Marketing tactics aside, companies looking for a guiding principle on brand integrity are well-served by heeding the advice of the late John Wooden, basketball coaching legend, who said, “Be more concerned with your character than with your reputation. Your character is what you really are, while your reputation is merely what others think you are.”

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Research Integrity: The Achilles Heel of Content Marketing

The marketing profession has a reputation for sometimes using less than reliable market research to promote a point of view. And this marketer has been guilty of that sin.

Years ago, our insurance company client was introducing a new Directors & Officers liability insurance policy, and asked us to raise market awareness. With good intentions, but given no budget or time to perform proper market research, we interviewed a total of 6 corporate CEOs and board members to provide some validation to the underlying premise of our press release. The headline read: “Most Corporate Directors & Officers Believe They Are Not Protected Properly from Legal Risk.”

With very little expectation that a premise based on such shoddy research would qualify for exposure in the financial press, and dreading inquiries from journalists asking about our research methodology, the release went out. To our great surprise, we received no calls from reporters checking the facts, and the story was immediately picked up by two major wire services, and appeared as a news squib on the front page of the Wall Street Journal, followed by coverage in several business insurance trade publications.

Our client was overjoyed with the media exposure, but we felt less than honorable, and resolved that we would never use market research to promote a client’s product or service unless we believed the supporting methodology had sufficient rigor. And over the years we’ve lost work as a result.

Research integrity was an issue long before the internet became the platform for content marketing. Most often, your research-based news items would not be covered by respected media sources unless you ran the credibility gauntlet. Editors demanded your research methods and data, and had to be convinced that your study was objective and legitimate. Our very thin D&O liability research was a rare and risky exception…and perhaps a sign of things to come.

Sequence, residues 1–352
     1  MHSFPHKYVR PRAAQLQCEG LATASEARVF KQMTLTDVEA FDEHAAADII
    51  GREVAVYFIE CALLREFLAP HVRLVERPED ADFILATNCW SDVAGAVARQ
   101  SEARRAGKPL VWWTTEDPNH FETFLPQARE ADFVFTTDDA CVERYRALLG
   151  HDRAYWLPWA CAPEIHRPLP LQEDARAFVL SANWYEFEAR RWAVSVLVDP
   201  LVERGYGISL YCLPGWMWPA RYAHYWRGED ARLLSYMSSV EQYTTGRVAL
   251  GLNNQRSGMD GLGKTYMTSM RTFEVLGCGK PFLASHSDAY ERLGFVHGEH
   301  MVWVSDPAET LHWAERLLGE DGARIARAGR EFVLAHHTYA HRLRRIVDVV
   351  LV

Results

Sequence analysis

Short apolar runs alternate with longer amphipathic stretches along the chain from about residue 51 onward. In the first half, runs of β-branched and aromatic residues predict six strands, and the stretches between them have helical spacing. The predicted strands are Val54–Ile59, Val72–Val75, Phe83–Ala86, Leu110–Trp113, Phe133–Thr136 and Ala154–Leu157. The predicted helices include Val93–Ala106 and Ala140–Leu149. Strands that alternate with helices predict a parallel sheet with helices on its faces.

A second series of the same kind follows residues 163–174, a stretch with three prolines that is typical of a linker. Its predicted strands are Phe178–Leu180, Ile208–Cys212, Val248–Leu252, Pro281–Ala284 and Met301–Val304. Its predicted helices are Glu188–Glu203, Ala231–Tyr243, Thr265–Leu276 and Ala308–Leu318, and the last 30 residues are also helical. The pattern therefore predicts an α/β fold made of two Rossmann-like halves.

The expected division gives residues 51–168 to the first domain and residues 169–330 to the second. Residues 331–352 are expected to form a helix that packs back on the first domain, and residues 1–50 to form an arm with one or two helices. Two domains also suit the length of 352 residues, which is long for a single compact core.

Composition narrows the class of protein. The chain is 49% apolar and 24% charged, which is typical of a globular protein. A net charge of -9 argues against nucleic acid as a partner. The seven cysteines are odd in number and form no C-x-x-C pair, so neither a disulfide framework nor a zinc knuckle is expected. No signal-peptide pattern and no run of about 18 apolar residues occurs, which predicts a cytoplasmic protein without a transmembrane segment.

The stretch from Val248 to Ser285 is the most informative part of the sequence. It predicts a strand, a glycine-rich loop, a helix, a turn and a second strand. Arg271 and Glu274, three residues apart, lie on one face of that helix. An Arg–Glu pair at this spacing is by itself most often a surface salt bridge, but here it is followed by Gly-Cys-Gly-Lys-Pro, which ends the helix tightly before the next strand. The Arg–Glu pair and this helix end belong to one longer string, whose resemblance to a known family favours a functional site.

For well understood reasons, the “legitimate press” now has neither the manpower nor the time to dig deeply for validation of market research that supports content generated by organizations. The loss of this important filter, coupled with the explosion of online content, has created a marketing world in which sloppy, incomplete (and sometimes blatantly false) research generates news items that can go viral and become accepted wisdom. Pumping out content in volume has become far more important than creating high quality content that could withstand the scrutiny of a hard-nosed editor.

What this new world of content marketing means for individuals is simple: assume that all “research-based” information requires close scrutiny. Believe nothing at face value. If it’s important to your business strategy, or you intend to adopt the research to support your own point of view (or upcoming PowerPoint presentation), then you’ll need to become the hard-nosed editor who scrutinizes the original source; who looks at the sample size, respondents, questions asked, etc.; and who determines whether the research results legitimately support the conclusions.

What this new world of content integrity means to companies is more complex: assume that the “research-based” content that you produce is a reflection of your brand’s integrity. For the Marketing Department, this involves educating the corner office regarding the rigor, time and costs involved in market studies, surveys, research necessary to yield content worthy of customer-facing applications. For the corner office, this involves calculating whether the intended marketplace outcome is worth the necessary investment, and avoiding shortcuts.

Without the 4th Estate as the content gatekeeper, there is now far greater opportunity for companies to benefit from content marketing. And by not adopting the market research integrity standards that journalists long upheld, there are far more ways for companies to damage their brand through content marketing.